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OARS Annual Report FY 2006

Apr 06, 2016

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Academic grants and contracts for Miami University, July 1, 2005-June 30, 2006

  • Annual Report July 2006Office for the Advancement of

    Research and Scholarship

    Providing Enriching Opportunities for Students, Faculty, Staff, Ohio and the Nation

    miami university

  • FY06 Research Highlights...

    Miami establishes a new external funding record of $22,947,858.Faculty involvement in external submissions increases by more than 10%.Miami joins the Nations Upper Echelon for University based High Performance Computing.External proposal submissions increase by more than 20%.Regional Campuses continue rapid growth in external funding.

    Miami pioneers national research consortium in cyber conflict.

    Miami University and collaborators successfully compete for Third Frontier funds to oversee the Southern Ohio Creates Companies Pre-Seed Fund. Miami University attracts new Ohio Eminent Scholars in Zoology and Chemistry and Biochemistry.

    Miami Research Impacts on the Quality of Life

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    Message from Gilbert E. Pacey, Associate Dean for Research

    FY 06 Research Highlights

    Table of Contents

    Research Stories The Neonatal Transportation System Miami University Hamilton Commitment to Community Service Center for Chemistry Education - Middletown Campus OARS Announces New External Funding Record

    TABLE I - Academic Grants and Contracts, by Funding Source

    TABLE II- Academic Grants and Contracts, by Organizational Unit TABLE III- Miami University Faculty, Staff, and Students Submitting Proposals

    Undergraduate Research at Miami University

    TABLE IV- Undergraduate Research Programs Awards, 2005-2006

    TABLE V- Undergraduate Summer Scholars Program Awards, 2006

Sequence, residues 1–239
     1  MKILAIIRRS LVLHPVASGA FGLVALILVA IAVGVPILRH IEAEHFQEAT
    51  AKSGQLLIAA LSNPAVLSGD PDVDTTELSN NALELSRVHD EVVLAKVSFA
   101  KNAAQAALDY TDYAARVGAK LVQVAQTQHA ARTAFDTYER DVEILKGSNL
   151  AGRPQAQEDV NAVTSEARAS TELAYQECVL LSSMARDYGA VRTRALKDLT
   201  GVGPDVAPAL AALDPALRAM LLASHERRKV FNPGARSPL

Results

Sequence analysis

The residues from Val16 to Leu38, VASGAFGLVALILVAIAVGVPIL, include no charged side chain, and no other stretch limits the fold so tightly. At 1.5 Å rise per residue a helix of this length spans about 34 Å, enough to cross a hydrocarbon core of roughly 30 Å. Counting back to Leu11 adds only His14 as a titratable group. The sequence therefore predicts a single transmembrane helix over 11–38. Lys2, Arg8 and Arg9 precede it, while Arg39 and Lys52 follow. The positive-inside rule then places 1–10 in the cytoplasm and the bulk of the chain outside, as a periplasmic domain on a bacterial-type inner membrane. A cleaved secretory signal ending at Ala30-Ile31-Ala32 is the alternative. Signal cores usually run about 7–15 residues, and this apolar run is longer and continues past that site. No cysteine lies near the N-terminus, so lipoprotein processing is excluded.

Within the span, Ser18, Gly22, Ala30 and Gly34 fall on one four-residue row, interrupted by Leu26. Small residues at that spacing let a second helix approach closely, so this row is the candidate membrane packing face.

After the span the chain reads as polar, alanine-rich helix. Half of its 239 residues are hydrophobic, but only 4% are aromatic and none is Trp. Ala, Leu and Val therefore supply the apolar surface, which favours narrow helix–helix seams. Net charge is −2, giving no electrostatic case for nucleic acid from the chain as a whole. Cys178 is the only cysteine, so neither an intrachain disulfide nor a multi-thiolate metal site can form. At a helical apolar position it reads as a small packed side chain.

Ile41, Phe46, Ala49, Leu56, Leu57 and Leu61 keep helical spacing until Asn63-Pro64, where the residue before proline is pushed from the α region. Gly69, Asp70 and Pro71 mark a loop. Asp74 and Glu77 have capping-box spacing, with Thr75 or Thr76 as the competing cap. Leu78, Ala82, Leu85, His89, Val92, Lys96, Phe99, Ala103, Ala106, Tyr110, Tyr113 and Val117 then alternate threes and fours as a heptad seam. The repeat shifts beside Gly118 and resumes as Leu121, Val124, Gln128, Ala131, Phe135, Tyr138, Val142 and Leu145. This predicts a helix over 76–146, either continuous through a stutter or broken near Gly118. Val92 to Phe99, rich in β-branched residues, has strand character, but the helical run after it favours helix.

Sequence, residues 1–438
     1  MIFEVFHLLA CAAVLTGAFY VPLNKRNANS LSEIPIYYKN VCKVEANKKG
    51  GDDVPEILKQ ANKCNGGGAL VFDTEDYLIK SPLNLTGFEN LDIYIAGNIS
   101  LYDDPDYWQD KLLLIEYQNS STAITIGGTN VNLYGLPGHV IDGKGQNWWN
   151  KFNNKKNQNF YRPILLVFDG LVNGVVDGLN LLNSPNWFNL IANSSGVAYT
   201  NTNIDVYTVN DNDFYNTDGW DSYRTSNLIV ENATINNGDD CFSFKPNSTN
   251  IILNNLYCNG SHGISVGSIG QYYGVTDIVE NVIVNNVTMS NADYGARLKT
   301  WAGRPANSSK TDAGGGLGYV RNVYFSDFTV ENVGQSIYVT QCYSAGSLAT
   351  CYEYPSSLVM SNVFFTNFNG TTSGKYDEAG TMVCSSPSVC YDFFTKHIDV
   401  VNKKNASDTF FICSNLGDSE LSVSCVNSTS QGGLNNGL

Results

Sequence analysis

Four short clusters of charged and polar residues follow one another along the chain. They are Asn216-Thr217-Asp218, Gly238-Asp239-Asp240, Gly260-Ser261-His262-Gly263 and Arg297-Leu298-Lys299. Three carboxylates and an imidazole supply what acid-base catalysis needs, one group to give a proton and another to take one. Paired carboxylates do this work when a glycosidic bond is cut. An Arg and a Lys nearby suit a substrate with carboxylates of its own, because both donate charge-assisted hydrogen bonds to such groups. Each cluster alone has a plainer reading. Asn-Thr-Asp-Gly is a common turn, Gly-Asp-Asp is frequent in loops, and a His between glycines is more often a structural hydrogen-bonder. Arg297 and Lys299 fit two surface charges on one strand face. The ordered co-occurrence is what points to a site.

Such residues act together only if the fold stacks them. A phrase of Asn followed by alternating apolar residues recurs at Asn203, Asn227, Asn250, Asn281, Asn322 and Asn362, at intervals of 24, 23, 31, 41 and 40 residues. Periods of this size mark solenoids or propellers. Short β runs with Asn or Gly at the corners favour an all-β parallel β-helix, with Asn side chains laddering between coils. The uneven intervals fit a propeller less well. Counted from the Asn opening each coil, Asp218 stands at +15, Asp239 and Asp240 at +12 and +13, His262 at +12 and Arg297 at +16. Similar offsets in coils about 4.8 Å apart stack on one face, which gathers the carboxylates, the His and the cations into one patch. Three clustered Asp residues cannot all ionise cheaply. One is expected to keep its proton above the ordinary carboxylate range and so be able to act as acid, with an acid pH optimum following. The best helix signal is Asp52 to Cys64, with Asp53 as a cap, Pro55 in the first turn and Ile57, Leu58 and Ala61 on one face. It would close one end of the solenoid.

Research Stories Center for School Based Mental Health Programs Center for Governance, Risk Managment, and Reporting Mission and Core Values Cyber Conflict Miami Moves into the Nations Upper University Echelon of High Performance Computing Enriching Educational Experience: Undergraduate Research Scripps Foundation and Gerontology Center

    Office for the Advancement of Research and Scholarship Staff

    Front Cover Photographs: The Circle of LifeInfant, kids in Chemistry, School-Aged Kids, Undergraduate Research, Dance Performance School of Fine Arts, Risk Management Lecture, Scripps Foundation and Gerontology Center

    Table Of COnTenTs

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  • Critically ill newbornsexhibit increased sensitivity

    to external stimulation including mechanical shock. Oxygenation rate and heart rate often decrease during transport.

    Specialized gurneys transport newborns on the

    ambulance ride and through the hospital to the Neonatal intensive care unit (NICU). Transport technicians generally lift the gurneys (which also carry about 500 lbs. of lifesaving equipment) over bumps and thresholds to mediate the effect on the patient. Even with these extra precautions, the concern is that the current systems still exhibit considerable problematic vibrations. Faculty and students in the School of Engineering and Applied Sciences Department of Mechanical and Manufacturing Engineering are directly addressing this problem. Faculty members, Michael Bailey-Van Kuren and Amit Shukla, in conjunction with senior engineering students have researched, designed and developed a prototype vibration isolation system that can be retrofitted into existing neonatal transport systems. This research was supported through several sources including: a Miami University Research Challenge Program award, an Undergraduate Research Program grant, an award from Firestone Industrial, and